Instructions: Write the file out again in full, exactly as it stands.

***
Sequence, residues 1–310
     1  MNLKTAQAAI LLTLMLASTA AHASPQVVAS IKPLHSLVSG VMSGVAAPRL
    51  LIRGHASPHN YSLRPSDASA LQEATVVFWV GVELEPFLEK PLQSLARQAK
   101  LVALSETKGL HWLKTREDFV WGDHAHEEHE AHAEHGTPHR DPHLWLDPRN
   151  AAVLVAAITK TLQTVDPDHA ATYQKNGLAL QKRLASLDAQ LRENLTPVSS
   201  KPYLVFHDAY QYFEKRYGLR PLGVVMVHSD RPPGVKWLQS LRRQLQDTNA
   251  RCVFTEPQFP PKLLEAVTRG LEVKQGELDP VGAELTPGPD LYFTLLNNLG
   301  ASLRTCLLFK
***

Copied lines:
Sequence, residues 1–310
     1  MNLKTAQAAI LLTLMLASTA AHASPQVVAS IKPLHSLVSG VMSGVAAPRL
    51  LIRGHASPHN YSLRPSDASA LQEATVVFWV GVELEPFLEK PLQSLARQAK
   101  LVALSETKGL HWLKTREDFV WGDHAHEEHE AHAEHGTPHR DPHLWLDPRN
   151  AAVLVAAITK TLQTVDPDHA ATYQKNGLAL QKRLASLDAQ LRENLTPVSS
   201  KPYLVFHDAY QYFEKRYGLR PLGVVMVHSD RPPGVKWLQS LRRQLQDTNA
   251  RCVFTEPQFP PKLLEAVTRG LEVKQGELDP VGAELTPGPD LYFTLLNNLG
   301  ASLRTCLLFK